Royal Aircraft Factory SE.5a (F904)  [@ Shuttleworth Collection]

The SE5a was the best British fighter of WW1 and probably, in most respects, the Spitfire of World War I. The SE.5 single-seat scout entered RFC service in the spring of 1917, being delivered to No 56 Squadron in March. Although less manoeuvrable than the French-built Nieuports and Spads, the SE.5 was faster and had an excellent rate of climb, enabling it to hold its own in combat with the latest German fighter types. The SE.5s of No 56 Squadron flew their first operational patrol on 22nd April 1917.

To the best of my knowledge F904 is the only example of its type still flying.

Royal Aircraft Factory SE.5a (F819)  [@ Science Museum]

The SE.5a followed the original SE.5 into service, in June 1917, with a 200hp Hispano-Suiza engine. The type was first issued to No’s 56, 40 and 60 Squadrons, in that order, and by the end of the year had been delivered to No’s 24, 41, 68 and 84. Deliveries were slowed by an acute shortage of engines, but the pilots of the units that did receive the SE.5a were full of praise for the aircraft’s fine flying qualities, physical strength and performance. At the end of WW1 some 2700 SE.5a’s were on RAF charge, the type having served with 24 British, two American and one Australian squadron.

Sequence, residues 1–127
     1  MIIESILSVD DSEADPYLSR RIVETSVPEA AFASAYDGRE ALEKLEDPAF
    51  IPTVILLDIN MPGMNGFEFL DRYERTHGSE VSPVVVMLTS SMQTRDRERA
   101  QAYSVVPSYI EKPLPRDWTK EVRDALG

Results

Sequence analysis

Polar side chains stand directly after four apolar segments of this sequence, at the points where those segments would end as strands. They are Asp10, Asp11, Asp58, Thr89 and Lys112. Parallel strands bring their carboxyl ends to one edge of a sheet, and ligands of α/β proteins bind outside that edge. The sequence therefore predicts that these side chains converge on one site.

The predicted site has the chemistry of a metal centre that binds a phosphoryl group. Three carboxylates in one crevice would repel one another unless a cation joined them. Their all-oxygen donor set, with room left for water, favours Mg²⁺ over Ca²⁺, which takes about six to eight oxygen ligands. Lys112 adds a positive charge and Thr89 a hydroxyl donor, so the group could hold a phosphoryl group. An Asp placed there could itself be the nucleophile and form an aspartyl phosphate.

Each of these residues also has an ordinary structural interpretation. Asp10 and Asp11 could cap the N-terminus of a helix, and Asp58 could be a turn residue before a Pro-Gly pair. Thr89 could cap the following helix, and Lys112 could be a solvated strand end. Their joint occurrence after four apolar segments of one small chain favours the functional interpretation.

Many of the first world war's leading fighter pilots flew the SE5a, including Capt Albert Ball VC (44 victories), Major "Mick" Mannock, (73 victories) the leading British fighter pilot, and the Canadian "Billy" Bishop, (72 victories). Like the Sopwith Camel, the SE5a did not survive long in the peacetime RAF and was phased out of service by 1920, although many found their way into private hands and film companies.

After WW1 F819 was bought by Major Jack C Savage who converted it for skywriting purposes and developed the technique as a form of advertising.